How prepared are you if a fire starts on or spreads to your farm? As a firefighter, this is a question I think about a lot. Last week my crew was called to a grass fire on some grazing land close to Tamworth. The fire actually started with a car catching alight. But it quickly spread to the paddocks beside the road.
There were a couple of issues with this fire. The first was it was actually quite difficult to get to the paddocks to put the fire out.
The gate into the paddock was directly below a large tree, so there was no way any vehicle, let alone a fire truck could drive through the gate.
Secondly the paddock was being grazed by several horses. The horses were panicked by the flames, smoke, noise and trucks. I was very concerned that they would do themselves major injuries on the fence line as they galloped around the paddock to escape the fire.
Fortunately we were able to cut the fence, extinguish the fire and allow the horses owner to calm the animals down. But its had me thinking a lot about the impact of fire on larger holdings.
How prepared are you for a fire? If anything people are probably over confident in their fire preparations. Every fire is different. This is because the fuel available to burn, the temperature, the wind and the humidity are all different, and these impact on fire behaviour.
I reckon its essential that every year you make the time to review your fire plan. The NSW Rural Fire Service has a great checklist to help you plan and prepare for a fire.
Its called the Farm FireWise Checklist and Action Plan. Its designed to help you think through the areas you should be preparing, so that if a fire does occur, you at least have some measures in place to protect you life, your animals, your home and your infrastructure.
For example have you thought about things such as what is the plan for communications if a fire starts? Can you rely only on mobile phones? What is the Local Radio or CB channel?
How is access to your farm? Where would you direct fire trucks to go? Can they get into paddocks without having to cut fences? Where are your water supplies? Are you relying only on poly pipe laid across the ground?
In recent fires some producers fire fighting response failed because the poly pipe they were relying on melted in the fire.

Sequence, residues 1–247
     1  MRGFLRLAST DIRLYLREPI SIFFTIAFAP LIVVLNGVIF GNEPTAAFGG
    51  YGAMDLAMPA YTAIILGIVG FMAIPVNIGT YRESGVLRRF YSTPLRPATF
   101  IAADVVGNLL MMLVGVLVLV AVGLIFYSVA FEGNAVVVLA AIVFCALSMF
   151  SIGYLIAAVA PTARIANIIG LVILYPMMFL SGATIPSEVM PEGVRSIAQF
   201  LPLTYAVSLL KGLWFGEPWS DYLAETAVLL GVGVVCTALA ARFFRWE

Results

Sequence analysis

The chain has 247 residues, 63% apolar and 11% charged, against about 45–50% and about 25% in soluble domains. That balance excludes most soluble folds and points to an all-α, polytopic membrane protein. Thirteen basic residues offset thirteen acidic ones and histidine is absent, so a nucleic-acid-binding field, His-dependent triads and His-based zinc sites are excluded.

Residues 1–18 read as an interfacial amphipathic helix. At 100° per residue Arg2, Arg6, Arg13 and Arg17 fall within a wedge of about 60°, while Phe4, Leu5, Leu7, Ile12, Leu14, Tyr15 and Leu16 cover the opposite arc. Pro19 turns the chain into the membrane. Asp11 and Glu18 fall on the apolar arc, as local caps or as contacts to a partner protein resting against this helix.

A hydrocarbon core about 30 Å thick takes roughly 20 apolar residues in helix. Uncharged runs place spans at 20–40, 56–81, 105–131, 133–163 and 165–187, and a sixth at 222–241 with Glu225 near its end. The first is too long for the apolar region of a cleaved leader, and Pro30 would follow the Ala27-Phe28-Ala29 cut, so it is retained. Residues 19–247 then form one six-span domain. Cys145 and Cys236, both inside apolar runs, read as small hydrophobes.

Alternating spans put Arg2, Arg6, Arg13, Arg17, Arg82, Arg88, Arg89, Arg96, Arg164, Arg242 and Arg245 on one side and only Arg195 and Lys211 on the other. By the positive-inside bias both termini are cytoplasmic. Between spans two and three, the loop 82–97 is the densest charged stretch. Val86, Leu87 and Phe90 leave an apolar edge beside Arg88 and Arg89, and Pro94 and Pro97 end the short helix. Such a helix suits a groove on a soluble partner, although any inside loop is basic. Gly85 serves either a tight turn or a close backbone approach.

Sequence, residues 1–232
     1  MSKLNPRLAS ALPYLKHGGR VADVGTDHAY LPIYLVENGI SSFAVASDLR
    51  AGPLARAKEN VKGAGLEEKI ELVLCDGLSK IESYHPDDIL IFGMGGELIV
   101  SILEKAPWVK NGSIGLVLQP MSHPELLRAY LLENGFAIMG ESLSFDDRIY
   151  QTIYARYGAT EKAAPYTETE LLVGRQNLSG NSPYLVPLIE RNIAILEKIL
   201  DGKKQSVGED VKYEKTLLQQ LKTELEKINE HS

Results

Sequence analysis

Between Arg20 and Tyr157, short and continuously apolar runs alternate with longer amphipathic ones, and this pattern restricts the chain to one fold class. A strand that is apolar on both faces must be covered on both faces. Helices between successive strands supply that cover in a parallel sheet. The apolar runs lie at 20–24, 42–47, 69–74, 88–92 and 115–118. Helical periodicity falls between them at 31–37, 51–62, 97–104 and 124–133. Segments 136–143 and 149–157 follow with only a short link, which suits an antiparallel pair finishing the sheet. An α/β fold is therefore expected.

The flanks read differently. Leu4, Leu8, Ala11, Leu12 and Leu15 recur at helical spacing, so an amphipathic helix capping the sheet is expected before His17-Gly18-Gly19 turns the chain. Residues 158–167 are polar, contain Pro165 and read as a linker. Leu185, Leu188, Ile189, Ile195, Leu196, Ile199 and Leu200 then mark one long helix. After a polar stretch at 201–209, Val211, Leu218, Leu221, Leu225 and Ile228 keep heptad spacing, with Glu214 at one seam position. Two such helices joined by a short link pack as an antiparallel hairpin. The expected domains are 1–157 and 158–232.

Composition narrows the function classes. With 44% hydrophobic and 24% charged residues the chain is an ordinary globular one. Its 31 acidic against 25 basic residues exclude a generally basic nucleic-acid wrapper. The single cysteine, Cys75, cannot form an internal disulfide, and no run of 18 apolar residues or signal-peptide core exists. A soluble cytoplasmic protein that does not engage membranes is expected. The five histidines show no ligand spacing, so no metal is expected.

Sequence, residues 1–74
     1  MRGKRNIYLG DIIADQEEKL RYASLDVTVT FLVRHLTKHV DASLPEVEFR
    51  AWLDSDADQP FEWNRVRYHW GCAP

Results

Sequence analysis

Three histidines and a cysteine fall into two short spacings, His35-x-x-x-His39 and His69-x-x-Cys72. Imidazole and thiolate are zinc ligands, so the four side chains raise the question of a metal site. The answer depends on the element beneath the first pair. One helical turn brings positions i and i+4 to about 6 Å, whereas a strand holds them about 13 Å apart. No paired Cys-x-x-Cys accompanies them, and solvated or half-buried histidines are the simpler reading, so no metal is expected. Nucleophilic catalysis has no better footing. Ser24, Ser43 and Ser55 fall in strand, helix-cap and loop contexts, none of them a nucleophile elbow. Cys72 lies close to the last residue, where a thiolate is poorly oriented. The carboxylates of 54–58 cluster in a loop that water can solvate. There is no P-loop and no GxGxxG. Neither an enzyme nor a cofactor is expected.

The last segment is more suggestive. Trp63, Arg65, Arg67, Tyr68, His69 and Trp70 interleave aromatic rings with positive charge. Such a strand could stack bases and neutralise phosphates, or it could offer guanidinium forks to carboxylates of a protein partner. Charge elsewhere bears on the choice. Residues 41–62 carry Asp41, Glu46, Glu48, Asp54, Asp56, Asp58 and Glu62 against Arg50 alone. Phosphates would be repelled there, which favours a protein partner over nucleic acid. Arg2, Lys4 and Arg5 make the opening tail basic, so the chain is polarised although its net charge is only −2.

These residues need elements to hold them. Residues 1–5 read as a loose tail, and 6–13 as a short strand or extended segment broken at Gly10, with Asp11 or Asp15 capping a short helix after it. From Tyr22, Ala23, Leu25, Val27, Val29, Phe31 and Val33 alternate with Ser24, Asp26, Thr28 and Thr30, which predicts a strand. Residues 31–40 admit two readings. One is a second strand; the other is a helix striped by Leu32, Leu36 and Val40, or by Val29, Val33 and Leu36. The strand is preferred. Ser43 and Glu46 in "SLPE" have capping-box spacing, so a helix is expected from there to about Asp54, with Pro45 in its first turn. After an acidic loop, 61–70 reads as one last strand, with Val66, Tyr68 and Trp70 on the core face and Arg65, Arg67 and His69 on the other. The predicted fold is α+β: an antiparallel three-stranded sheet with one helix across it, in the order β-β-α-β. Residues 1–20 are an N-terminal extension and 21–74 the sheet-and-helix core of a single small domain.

Where will your livestock be safe? Can you move your stock to a location that has been cultivated or heavily grazed so that there is nothing to burn? Is it safe to muster your animals, or will it be quicker to cut your fences and allow them to move to safety?
After the fire has been extinguished or it has passed your property you need to think about checking there is no further risk to your infrastructure, such as smouldering posts or material.
For your livestock what feed will you have to provide them with. In most cases hay is the best option to provide to livestock following a fire. This is because hay is more suitable for all classes of stock than grains, and it is more rumen friendly, meaning there is less risk of digestive upsets and illness among stock.
You need to assess all your animals and treat those animals that have been burnt or injured. The NSW DPI has a useful guideline to assessing bushfire burns in livestock and you should refer to this guide.
Hopefully you will never have to experience the impact of a fire on your farm or in your local area.
Having said that, don't ever assume you won't be impacted by a fire. Even worse don't assume that if a fire happens you can handle it without some preparation.
Taking the time to update your plan, make sure you know how to respond, where to go, who to talk to and what your actions will be if a fire occurs is going to be the most important thing you can do this year.
If you do have a fire, ring 000 and put your plan into place. I reckon if we all do this, its going to help save lives, property and stock.